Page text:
Liquidnet Automates Targeted Invitations for Algos
High-touch trading and algorithms, two great tastes and technologies that go great together?
At first glance, it wouldn’t appear so. In fact, it could be considered contradictory.
But not at Liquidnet, which recently unveiled its new Virtual High Touch (VHT) trading technology and concept. The goal of VHT, as told to Traders Magazine by CEO Seth Merrin in a recent interview was to make the buy-side trader’s job as easy as possible using the latest technology. VHT technology is designed to deliver real-time market insight and a complete execution ecosystem of liquidity opportunities, providing traders with new ways to source liquidity and tools to achieve best execution and generate alpha.
The newest addition to its stable of algorithmic software is VHT’s Targeted Invitations or as the company calls it, Targeted Invitations from Algos. In short, this is the integration of one of Liquidnet’s most popular liquidity-seeking products (TI) with its Next Gen Algo suite. Targeted Invitations allow buy-side traders to intelligently seek out liquidity from other asset managers that they may not be actively trying to trade and that may not be available on any blotter.
So, what’s new here?
As Rob Laible, Liquidnet’s Global Head of Equity Strategy, explained to Traders Magazine, Targeted Invitations previously had to be selected or initiated by the trader in order to activate the program. But now, the game has changed.
“Our goal is to minimize the amount of time buy-side traders have to spend searching for liquidity,” Laible began. “If I used the Targeted Invitation in the past, I manually launched it and entered all my constraints. It then reaches a targeted contra-party based on my criteria and is able to execute. What we’re doing now is taking that process and automating it by having the algo-engine determine if and when and to who you should send it the TI to.”
Laible added that now, the selected algorithm has an additional pool of liquidity or routing destination aside from Liquidnet’s universe, the Targeted Invitation. The TI has certain criteria in order to be eligible as a routing destination, he added.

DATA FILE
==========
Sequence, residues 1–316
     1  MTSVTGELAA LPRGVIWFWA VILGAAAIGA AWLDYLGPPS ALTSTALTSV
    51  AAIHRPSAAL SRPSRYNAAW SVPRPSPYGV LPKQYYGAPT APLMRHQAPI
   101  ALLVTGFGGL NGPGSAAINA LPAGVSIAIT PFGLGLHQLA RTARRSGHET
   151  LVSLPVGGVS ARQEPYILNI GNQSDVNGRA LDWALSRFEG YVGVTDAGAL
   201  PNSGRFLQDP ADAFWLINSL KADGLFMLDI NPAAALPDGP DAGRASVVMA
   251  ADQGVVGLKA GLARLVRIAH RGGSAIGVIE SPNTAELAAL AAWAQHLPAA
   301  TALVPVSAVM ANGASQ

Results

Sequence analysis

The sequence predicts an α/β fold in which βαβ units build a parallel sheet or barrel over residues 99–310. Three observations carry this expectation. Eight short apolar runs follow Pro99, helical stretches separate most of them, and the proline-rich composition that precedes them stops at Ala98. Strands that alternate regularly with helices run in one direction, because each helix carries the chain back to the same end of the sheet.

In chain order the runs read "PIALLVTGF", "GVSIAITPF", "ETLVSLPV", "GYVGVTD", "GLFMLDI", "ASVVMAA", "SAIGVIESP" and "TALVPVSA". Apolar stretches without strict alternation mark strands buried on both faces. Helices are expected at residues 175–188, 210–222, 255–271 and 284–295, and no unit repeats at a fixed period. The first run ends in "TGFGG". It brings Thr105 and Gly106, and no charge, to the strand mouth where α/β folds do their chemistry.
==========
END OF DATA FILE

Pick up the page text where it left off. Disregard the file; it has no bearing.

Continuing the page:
“One, an obvious one, would be how much liberty do you have in the trade,” Laible explained. “It wouldn’t be appropriate for somebody who only had like a thousand shares to send a Targeted Invitation because chances are, it is an easy to fill order. TI from algos will also consider which algo you’re deploying, the timeframe and your benchmark. So, it considers those kinds of factors, and then assuming you want to go ahead and send an invitation, the algo will go through it’s logic and then determine whether or not to send it.”
And, for those traders who want more control, Targeted Invitations for Algos can turned on and off via a toggle switch.
“And remember, even though an algo may be able to utilize TI that is not to say that it will on every occasion,” Laible continued. “If the trader defaulted it on, the algo may or may not send a target invitation based on the various criteria that I mentioned before. Otherwise, if defaulted off it could be used manually as in the past.”
Targeted Invitations was first launched for equities in November 2015 and is now available to over 670 of Liquidnet’s clients firms globally. Focused on the block, the average execution size globally via TI is $2.4M, and the largest single execution to date is $156M.
Relatedly, Liquidnet also tinkered with its global algo suite, Block I Would, giving the trader greater control and access to seek out block liquidity. Traders using Liquidnet’s Next Gen Algos can now control the quantity and price to trade a block in Liquidnet and the venues accessed on a conditional basis, irrespective of the trade schedule.
A target-close model allows traders to mitigate market impact, Deutsche Bank's Andrew Royal writes.
Buy-side traders need to "embrace their Tesla moment," Credit Suisse AES exec writes.
Invesco seeks a differentiated view in a data-rich world.
Market veteran discusses algorithms and their applications.
Sell side must invest in automation and trade process technology, Pavilion Global Markets says.